User fees are bad; India's middle class; disgraced professions; a good bank; Aesop and the Euromeltdown; the Amnesty ad the FT rejected; bad news from Rwanda and mangled lyrics: links I liked

Charging even very small user fees sharply limits access to preventive health care. MIT’s Poverty Action Lab summarizes the evidence Health-Products-v2and comes to an unequivocal  conclusion. Hope everyone’s listening

Does India’s middle class care about poverty and inequality? SCF’s Ben Phillips is hopeful

‘I write to you from a disgraced profession’ (guess which one…..). James Galbraith‘s written statement to members of the Senate Judiciary Committee 

Great (African Development) Bank, shame about the shareholders. CGD’s Todd Moss rates the performance of the ADB as it seeks a threefold capital increase

The Grasshoppers and the Ants: Martin Wolf comes over all Aesop as he sums up the Global Economic Crisis 2.0

The Amnesty ad the FT refused to publish

The dark side of a donor darling: human rights news from Rwanda

And finally, as it’s Friday, some light relief. It’s got nothing to do with development, Oxfam or anything else, but I’ve always been hopeless at understanding song lyrics, so honestly can’t tell what these people are singing. Hat tip for this to an anonymous benefactor (you know who you are KR)

reminds me of the wonderful 80s Maxell advert and its mangling of Desmond Dekker

Subscribe to our Newsletter

You can unsubscribe at any time by clicking the link in the footer of our emails. For information about our privacy practices, please see our Privacy Policy.

We use MailChimp as our marketing platform. By subscribing, you acknowledge that your information will be transferred to MailChimp for processing. Learn more about MailChimp's privacy practices here.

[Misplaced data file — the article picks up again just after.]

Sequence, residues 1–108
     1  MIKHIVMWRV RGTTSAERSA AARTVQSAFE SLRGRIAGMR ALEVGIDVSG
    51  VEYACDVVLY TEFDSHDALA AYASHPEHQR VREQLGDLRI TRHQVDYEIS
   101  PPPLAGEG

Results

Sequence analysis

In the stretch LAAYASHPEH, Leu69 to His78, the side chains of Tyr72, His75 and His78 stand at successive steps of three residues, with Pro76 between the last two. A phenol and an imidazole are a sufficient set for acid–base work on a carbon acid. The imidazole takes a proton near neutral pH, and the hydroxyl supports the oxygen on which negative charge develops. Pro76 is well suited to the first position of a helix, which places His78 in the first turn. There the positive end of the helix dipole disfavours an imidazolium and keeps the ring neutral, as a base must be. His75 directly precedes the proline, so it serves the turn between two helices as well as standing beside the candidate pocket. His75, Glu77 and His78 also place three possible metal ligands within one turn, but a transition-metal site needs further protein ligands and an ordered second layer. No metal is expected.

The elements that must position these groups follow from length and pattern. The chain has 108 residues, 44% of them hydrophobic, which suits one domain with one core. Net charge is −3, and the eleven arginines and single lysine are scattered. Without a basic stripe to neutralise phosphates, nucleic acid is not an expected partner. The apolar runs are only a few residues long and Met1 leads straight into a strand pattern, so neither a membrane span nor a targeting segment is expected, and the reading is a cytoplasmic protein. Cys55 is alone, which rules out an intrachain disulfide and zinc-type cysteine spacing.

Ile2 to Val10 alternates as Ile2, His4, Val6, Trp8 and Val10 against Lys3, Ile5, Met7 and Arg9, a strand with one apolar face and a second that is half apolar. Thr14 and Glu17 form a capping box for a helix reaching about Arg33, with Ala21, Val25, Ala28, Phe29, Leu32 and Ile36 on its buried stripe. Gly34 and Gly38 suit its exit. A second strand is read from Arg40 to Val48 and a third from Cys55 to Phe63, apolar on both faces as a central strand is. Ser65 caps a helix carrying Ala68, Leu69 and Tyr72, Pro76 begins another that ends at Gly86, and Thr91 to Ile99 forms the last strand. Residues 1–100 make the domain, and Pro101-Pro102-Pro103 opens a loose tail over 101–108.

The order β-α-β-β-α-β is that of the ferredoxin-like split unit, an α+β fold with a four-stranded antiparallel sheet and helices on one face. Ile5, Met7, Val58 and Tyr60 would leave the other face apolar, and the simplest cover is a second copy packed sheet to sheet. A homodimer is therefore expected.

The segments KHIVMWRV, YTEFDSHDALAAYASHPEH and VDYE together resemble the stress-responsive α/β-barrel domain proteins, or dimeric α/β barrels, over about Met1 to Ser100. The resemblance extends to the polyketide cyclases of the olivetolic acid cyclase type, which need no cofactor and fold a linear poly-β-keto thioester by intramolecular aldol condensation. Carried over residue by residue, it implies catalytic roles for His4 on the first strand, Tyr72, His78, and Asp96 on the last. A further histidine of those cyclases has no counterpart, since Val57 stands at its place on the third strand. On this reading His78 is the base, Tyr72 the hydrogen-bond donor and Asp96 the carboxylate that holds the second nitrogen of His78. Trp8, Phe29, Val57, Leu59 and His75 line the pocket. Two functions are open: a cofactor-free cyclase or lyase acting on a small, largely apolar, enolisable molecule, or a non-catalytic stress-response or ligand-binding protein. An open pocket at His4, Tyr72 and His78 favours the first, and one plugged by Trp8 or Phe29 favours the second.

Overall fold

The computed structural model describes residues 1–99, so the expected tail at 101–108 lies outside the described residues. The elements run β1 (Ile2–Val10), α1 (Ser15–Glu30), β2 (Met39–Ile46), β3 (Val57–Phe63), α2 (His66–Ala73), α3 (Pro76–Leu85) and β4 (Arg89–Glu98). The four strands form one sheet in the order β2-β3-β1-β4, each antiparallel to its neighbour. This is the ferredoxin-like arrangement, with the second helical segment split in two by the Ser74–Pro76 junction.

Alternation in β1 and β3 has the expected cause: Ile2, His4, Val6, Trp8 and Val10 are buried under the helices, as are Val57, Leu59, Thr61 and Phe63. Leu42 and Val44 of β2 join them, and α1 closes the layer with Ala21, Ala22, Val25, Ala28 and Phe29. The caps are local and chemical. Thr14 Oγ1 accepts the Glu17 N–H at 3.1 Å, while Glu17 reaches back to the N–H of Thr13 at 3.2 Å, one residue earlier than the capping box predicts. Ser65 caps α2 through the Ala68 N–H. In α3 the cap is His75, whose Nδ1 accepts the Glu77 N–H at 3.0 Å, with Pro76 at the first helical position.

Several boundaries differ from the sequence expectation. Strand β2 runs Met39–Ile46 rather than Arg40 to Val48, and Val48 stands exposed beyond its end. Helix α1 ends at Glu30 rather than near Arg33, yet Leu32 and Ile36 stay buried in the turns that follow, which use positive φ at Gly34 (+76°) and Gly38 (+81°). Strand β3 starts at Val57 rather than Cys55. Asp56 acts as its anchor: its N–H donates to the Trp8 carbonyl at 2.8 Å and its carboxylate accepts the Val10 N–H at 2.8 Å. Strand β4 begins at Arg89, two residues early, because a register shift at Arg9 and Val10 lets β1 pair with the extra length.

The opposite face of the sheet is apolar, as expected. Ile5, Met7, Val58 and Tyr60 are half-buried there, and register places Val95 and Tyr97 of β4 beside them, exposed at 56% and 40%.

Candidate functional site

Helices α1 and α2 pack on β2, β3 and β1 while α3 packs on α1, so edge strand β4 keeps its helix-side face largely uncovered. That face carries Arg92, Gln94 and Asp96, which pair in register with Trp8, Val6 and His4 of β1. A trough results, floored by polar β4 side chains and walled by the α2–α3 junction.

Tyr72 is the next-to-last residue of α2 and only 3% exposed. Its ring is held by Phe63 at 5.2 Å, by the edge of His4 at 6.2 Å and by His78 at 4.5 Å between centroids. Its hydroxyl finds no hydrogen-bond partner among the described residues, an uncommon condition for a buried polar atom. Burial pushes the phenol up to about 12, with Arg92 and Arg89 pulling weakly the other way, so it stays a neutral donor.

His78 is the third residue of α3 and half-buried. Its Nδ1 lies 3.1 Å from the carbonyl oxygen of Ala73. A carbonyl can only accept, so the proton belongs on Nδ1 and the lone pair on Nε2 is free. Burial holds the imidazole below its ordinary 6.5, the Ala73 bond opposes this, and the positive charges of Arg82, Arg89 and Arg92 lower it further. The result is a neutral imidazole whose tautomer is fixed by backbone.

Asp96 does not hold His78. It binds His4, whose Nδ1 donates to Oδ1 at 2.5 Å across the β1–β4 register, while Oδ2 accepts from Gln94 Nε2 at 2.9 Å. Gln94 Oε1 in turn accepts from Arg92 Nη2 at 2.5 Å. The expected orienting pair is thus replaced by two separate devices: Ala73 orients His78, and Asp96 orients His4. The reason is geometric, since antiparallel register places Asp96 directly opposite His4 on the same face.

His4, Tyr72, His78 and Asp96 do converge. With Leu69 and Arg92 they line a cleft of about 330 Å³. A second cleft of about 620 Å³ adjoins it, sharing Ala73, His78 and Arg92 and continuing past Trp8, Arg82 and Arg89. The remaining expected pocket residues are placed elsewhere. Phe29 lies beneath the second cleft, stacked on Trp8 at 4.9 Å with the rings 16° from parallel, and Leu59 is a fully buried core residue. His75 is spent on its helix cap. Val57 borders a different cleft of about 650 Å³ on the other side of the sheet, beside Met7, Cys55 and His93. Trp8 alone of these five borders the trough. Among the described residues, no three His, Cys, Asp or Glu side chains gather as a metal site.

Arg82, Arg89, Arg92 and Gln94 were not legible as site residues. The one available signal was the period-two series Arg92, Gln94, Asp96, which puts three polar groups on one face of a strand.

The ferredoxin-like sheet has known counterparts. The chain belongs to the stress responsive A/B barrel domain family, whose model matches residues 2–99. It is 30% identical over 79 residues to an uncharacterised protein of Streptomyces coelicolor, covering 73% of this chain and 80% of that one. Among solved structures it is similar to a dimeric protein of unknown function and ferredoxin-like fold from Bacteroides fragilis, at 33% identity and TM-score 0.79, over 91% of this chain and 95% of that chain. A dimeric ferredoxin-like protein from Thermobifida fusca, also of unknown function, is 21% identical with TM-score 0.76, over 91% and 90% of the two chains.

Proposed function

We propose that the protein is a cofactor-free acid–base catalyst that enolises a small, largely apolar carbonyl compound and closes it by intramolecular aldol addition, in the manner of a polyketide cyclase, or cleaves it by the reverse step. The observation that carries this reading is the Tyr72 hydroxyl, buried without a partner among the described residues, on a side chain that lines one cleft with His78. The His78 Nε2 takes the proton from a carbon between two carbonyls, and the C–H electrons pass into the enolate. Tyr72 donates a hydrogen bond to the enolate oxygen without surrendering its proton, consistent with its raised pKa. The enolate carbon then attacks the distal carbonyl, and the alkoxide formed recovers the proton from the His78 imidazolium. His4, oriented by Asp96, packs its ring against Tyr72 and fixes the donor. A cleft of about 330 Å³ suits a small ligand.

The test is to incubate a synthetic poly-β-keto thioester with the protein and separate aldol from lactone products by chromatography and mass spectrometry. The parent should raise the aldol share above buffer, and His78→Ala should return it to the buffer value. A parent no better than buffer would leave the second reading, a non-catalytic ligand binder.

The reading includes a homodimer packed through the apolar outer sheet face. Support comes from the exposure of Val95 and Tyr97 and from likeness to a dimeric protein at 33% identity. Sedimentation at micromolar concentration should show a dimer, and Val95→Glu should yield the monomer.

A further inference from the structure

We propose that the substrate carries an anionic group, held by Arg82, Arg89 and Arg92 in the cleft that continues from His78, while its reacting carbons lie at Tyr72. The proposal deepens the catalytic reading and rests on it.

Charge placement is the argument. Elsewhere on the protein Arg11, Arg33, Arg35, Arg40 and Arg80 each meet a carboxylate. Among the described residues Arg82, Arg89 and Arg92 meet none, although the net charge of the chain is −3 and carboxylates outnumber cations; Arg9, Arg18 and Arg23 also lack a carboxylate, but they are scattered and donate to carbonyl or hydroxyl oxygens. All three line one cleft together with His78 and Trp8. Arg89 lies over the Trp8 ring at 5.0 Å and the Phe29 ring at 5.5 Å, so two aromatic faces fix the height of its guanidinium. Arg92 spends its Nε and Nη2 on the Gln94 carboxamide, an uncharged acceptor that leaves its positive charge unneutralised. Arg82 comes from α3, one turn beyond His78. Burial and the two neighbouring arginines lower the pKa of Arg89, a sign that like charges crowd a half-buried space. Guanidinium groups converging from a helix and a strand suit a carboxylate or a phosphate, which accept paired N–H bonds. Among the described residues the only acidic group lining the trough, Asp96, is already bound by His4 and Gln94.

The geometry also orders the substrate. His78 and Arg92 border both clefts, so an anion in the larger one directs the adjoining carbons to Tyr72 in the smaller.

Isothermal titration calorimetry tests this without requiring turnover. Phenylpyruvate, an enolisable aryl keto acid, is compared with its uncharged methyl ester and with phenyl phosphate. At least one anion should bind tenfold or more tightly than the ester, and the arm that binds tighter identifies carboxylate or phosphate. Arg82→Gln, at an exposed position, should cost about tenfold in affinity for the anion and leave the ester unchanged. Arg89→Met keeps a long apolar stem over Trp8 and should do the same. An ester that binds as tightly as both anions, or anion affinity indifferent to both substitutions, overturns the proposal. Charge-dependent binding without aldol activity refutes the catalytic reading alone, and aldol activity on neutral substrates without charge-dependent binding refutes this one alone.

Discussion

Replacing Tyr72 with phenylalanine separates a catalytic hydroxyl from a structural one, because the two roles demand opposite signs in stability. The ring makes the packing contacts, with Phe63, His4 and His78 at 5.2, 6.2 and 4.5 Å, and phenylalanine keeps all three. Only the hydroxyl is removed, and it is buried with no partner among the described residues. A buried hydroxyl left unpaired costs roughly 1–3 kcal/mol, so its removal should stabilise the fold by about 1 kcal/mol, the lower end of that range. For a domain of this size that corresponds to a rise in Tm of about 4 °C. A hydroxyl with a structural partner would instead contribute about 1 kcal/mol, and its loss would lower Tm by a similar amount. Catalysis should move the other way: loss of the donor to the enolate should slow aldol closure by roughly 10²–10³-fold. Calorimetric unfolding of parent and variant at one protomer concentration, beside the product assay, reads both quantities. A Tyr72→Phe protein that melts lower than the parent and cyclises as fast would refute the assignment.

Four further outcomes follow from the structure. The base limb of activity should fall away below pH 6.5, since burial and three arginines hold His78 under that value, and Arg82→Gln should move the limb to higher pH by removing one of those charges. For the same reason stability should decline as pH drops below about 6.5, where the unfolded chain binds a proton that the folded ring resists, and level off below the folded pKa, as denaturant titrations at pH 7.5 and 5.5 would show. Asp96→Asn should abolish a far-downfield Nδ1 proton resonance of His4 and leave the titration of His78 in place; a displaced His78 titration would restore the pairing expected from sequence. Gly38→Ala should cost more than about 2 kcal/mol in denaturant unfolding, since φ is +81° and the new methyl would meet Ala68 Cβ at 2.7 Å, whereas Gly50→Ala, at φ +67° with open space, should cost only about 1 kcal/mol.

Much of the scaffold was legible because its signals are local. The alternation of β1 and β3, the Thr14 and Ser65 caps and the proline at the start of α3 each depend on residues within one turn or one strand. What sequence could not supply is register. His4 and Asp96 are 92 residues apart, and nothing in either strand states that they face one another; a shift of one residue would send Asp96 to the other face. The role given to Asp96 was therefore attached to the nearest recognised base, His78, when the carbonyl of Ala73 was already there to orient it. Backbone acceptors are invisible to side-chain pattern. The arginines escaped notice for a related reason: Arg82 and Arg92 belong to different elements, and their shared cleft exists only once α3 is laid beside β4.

Comments

2 Responses to “User fees are bad; India's middle class; disgraced professions; a good bank; Aesop and the Euromeltdown; the Amnesty ad the FT rejected; bad news from Rwanda and mangled lyrics: links I liked”
  1. While I have no priors on this, I would hesitate to call five data points on 5 different products in 3 different countries (and likely different areas with Kenya) an “unequivocal conclusion.”

  2. There are lies, damned lies and statistics. Using statistics like the Gestapo of long ago will invariably lead to the statistics that can prove any point. If there is a decrease in the demand for services it follows from it being firstly being provided for free, which is a distortion of the market. Secondly, it also gives an indication of either the value that the person places on his/her own or family’s lives, or reflects on the system’s inability to show the benefits derived from using a specific product or service. This is then more a distortion through a lack of education which can be blamed on the researchers conducting the study.

    As stated in the earlier the statistics now says exactly what the Gestapo wants it to say.

    Duncan: Disagree with you Robert (and not just about random references to the Gestapo) – a more plausible (and simpler) explanation is that when you are really poor, it is very hard to find the money to pay fees in hospitals or schools, so you tend to use them less!

Leave a Reply

Your e-mail address will not be published. Required fields are marked *

This site uses Akismet to reduce spam. Learn how your comment data is processed.